Frequently Asked Questions
Do you take vets referrals?
Of course I do. However if you want me to look at your horse without a specific vet referral then I still have to confirm with them that they are happy for me to continue. This is really important – most vets are fine with this and ask for a report to be attached to your horse’s details. This is of course, fine with me and I do it as a routine anyway.
Do I have to do anything special with my horse to prepare for the treatment?
Bowen needs to work on your horse without any outside influences. Ideally, you should try and organise your horse’s treatment so that it is not innoculated, wormed, moved yards, shod / trimmed or competed for at least 2 days either side of the treatment date.
Can I meet you at the yard?
Yes, of course you can. I am perfectly capable of catching your horse for you and treating it without you. However, there will be a small charge for doing so as it will take more of my time.
As with humans, it is ideal that there is no other type of bodywork for either you or your horse whilst on a course of Bowen. Your horse will need to concentrate on the work done during a treatment and other body work such as physiotherapy and osteopathy can provide mixed messages and dilute the effect of the Bowen treatment.
Do you travel to do horses?
Yes. There is a small mileage charge and to make things more cost effective I try and group visits by area. However, I am flexible so the best thing to do is to contact me to discuss.
What do I need to do with my horse after the treatment?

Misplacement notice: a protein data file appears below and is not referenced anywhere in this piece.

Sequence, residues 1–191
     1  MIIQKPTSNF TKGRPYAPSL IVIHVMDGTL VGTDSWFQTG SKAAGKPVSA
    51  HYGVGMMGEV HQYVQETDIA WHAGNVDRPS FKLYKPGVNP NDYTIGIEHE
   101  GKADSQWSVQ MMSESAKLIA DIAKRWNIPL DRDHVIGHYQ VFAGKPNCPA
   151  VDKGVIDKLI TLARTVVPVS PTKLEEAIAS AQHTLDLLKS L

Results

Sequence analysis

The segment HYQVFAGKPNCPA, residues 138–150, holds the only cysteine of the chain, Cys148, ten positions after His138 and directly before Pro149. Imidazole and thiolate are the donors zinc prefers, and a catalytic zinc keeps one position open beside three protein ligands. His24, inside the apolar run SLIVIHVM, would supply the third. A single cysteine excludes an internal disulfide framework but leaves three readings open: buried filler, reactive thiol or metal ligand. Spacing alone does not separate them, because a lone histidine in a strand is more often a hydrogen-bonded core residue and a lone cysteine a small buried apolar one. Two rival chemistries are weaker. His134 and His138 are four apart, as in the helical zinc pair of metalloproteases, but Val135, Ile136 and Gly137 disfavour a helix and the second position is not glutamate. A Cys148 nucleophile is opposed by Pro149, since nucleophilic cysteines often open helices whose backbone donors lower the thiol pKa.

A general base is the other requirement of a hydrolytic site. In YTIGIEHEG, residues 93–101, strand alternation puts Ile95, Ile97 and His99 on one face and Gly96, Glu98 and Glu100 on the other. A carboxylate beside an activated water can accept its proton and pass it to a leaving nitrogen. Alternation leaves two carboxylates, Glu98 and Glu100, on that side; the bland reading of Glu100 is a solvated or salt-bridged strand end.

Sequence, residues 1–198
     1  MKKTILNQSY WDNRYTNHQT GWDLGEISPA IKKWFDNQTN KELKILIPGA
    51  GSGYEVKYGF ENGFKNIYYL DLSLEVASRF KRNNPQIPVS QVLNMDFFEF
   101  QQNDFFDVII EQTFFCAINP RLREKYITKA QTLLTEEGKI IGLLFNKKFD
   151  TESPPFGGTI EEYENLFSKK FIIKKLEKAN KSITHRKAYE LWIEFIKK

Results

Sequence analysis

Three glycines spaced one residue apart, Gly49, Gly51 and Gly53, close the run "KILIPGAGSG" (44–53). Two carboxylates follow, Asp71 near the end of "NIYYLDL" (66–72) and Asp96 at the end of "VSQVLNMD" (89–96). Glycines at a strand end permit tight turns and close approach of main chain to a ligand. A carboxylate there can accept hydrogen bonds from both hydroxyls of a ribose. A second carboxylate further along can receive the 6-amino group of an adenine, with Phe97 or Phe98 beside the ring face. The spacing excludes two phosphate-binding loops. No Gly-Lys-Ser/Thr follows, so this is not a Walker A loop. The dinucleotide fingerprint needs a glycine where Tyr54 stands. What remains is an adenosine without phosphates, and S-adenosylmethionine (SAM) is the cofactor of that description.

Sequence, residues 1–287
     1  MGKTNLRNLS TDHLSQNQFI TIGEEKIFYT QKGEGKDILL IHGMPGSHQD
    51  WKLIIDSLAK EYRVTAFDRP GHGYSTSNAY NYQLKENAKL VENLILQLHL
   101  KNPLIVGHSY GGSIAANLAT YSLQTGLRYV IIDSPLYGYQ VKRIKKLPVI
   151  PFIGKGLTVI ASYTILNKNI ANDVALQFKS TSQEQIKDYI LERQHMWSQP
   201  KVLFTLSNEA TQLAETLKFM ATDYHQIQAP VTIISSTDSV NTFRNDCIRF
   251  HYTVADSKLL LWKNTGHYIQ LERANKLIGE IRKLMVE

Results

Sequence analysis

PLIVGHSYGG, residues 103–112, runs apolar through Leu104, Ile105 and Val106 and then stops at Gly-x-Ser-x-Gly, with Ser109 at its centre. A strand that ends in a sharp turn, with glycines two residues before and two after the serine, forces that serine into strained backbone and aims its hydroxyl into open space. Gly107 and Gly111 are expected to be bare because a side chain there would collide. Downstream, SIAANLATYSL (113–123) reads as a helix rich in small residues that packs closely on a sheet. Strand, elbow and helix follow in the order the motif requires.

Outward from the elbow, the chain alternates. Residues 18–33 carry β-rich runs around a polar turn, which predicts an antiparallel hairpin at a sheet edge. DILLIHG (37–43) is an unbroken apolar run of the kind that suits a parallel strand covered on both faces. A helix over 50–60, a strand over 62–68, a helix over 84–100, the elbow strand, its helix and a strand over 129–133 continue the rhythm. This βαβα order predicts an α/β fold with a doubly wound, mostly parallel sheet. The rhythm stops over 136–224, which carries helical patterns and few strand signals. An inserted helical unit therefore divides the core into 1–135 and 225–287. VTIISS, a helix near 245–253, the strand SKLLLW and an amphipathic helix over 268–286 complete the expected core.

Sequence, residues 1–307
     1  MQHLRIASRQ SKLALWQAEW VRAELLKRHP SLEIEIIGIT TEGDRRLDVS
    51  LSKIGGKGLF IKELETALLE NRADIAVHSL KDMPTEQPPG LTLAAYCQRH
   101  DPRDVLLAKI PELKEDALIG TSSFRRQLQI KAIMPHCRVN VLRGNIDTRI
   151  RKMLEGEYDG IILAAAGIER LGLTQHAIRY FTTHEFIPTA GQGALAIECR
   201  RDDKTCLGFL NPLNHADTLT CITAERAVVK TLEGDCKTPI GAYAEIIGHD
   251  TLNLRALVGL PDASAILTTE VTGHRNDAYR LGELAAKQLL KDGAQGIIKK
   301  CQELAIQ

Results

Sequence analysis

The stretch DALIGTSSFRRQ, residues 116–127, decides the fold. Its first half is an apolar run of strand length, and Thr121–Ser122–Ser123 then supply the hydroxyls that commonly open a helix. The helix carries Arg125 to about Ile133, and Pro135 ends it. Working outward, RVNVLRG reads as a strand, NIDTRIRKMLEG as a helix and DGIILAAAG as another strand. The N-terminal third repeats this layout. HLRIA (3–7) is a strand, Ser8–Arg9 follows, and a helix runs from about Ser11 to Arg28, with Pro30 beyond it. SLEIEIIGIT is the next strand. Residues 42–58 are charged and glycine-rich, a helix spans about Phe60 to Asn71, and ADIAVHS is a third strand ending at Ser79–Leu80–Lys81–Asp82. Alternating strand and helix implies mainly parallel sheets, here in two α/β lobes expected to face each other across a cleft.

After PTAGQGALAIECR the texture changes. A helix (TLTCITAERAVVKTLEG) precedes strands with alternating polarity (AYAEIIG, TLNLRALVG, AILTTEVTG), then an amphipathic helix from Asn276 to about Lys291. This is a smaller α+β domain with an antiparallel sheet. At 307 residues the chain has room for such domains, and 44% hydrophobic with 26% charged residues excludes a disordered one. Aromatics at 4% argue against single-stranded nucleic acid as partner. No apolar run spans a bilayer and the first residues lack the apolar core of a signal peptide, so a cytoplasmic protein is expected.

Ideally horses need to be turned out post treatment, rugged appropriately for the weather. If this is not possible then please give them some light exercise – walking in hand for ½ hr every couple of hours for example. They will more than likely drink a lot of water and they may want to roll and some might want to gallop around. Again, this is all very normal as each animal will react differently.
How is my horse going to react?
An interesting question. As with humans, every horse will react differently. We are not able to discuss a treatment with the animal and rationalise what is going on with them. I can only guess how they are feeling by their immediate reaction – for example their coat might start to ‘stare’; they might start biting themselves; and they might swish their tail and show signs of impatience.
Most horses settle into the treatment and will start to show signs of great relaxation – for example, their eyes will soften or their head will lower. They might also lick and chew and throw some amazing jaw crossing yawns. These are all signs of release and are all good.